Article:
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Kate Taliaferro and three of her children share their opinions about a new book about job opportunities in ancient Egypt.

“What do you want to be when you grow up?” A question fondly asked by grandparents, parents, and teachers alike. Currently in our household, we have an aspiring dolphin trainer nun, an Air Force intelligence officer author, a video game designer environmental activist, and a gymnastics coach teacher mom. It is definitely going to be exciting to see which of these career choices comes to fruition!  

We have been having lots of conversations about jobs, careers, and vocations thanks especially to a delightful new book, Be a Scribe! Working for a Better Life in Ancient Egypt, by Michael Hoffen, Christian Casey, and Jen Thum. This book, born of 16-year-old Michael Coffen’s deep dive into ancient Egypt and hieroglyphs during the Covid-19 pandemic, has invited our family to learn more about the Egyptian world and consider what sorts of jobs each person might want to have. Be a Scribe! is based on a piece of Egyptian literature, “The Satire of the Trades” also called “The Instruction of Khety.” As a parent, I thoroughly enjoyed listening to Khety describe the variety of jobs available to his son as they traveled up the Nile.  




Khety clearly wants his son to be a scribe, and in some cases goes out of his way to make sure to highlight the lesser qualities of the available jobs: the jeweler is surrounded by gold but owns none of it, the launderer has to work next to crocodiles, the potter is covered in mud all day. While these were often comical, there is so much additional information Coffen and Egyptologists Casey and Thum, have included about the phrases and nuances of the translated hieroglyphs. There are also many pictures, artifacts, and drawings which further flesh out what each job would have entitled.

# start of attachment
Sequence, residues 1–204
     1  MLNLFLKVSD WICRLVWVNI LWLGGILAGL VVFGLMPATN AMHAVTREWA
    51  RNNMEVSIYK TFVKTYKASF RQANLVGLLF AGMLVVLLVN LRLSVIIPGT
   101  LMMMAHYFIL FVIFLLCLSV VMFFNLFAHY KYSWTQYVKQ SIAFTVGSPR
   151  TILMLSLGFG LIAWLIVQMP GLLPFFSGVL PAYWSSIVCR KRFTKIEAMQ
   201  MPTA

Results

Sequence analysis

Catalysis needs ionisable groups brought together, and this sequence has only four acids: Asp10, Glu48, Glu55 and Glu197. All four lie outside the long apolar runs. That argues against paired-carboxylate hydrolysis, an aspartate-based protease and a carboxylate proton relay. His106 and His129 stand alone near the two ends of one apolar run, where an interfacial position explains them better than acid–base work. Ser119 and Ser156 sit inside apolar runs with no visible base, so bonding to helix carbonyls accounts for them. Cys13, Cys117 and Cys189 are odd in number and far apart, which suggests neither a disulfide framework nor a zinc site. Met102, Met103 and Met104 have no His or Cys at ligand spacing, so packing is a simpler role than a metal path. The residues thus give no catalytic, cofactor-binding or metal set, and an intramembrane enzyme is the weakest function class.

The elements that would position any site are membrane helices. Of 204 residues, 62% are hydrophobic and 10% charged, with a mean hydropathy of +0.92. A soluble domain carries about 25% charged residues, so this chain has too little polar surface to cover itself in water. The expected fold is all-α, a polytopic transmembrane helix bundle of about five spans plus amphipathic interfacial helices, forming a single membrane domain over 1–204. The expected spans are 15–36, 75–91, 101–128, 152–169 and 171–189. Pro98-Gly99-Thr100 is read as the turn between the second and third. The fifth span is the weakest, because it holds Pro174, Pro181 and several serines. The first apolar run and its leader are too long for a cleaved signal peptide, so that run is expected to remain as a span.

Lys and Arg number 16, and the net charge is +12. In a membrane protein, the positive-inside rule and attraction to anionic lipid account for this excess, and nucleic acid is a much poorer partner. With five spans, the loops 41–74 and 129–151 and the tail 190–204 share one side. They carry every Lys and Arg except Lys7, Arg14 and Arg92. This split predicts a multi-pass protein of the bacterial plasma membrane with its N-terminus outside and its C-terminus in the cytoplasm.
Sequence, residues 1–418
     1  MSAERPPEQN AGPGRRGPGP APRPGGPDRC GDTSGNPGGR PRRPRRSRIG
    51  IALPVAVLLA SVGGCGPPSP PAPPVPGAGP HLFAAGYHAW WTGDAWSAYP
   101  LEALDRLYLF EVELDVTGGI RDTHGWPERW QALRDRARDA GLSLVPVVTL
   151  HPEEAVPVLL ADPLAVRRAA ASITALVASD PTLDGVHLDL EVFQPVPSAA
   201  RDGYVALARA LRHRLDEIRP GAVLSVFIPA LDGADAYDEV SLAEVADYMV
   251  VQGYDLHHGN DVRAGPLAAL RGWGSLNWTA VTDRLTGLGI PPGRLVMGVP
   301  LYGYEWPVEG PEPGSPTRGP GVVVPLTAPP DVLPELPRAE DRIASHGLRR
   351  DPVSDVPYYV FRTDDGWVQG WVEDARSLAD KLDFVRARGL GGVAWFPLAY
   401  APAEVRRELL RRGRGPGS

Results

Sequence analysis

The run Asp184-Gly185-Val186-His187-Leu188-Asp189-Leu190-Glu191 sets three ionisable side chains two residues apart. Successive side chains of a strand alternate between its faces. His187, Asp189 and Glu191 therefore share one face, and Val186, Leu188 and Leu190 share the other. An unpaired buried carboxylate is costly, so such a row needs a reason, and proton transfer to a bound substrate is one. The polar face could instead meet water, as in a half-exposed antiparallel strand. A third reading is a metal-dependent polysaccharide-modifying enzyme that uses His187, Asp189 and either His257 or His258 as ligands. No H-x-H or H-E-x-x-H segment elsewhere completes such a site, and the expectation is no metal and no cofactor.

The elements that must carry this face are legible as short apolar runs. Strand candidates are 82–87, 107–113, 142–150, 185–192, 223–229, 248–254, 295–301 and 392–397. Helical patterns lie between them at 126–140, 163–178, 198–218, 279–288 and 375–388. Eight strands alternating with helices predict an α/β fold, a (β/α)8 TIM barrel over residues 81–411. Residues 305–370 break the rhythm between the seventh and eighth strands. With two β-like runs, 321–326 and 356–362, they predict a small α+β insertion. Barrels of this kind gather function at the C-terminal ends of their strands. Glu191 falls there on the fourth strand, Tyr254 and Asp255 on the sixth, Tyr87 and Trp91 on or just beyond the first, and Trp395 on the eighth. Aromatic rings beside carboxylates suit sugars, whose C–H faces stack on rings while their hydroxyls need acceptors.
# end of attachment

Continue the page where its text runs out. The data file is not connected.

In addition to the twelve available jobs Khety describes to his son, there is also a section of wisdom Khety offers which is still applicable to today. Khety explores topics like mind your manners, don’t gossip or tell secrets, follow directions given to you and maintain self-control. This ancient wisdom is ageless for all people, whether we are dreaming of fabulous careers or are already settled in our vocations.  

As if this weren’t enough already to make this book well worth the read, the “About the Images” section is a fabulous resource for all of the images, artifacts, and depictions from each section. It also includes where to find the artifacts because every single one is from a museum.   

I asked my nine-, eleven-, and twelve-year-olds to give Be a Scribe! a good read and then asked them which job they would have liked to have if they had been on that Nile boat with Khety. Here are their answers:  

Clare, age nine: I would like to be a scribe because all the other jobs seem like they would be really, really, really hard. You could get hurt doing them if you weren’t careful.  

Rosie, age eleven: Based on everything Khety says about the other jobs, I am convinced I would want to be a scribe. All the other jobs sound cool, but a scribe was a privileged job and you could get in with a lot of important people and have a profitable life. Though I do think Khety is over exaggerating the bad parts of the other jobs.   

John, age twelve: I would want to be a bird catcher because you get to use a throw stick which is similar to a boomerang. You can get plenty of exercise and a decent profit if you have a successful. But birds are hard to catch so I would be very tired every day also.  





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Copyright 2024 Kate Taliaferro
Images: Canva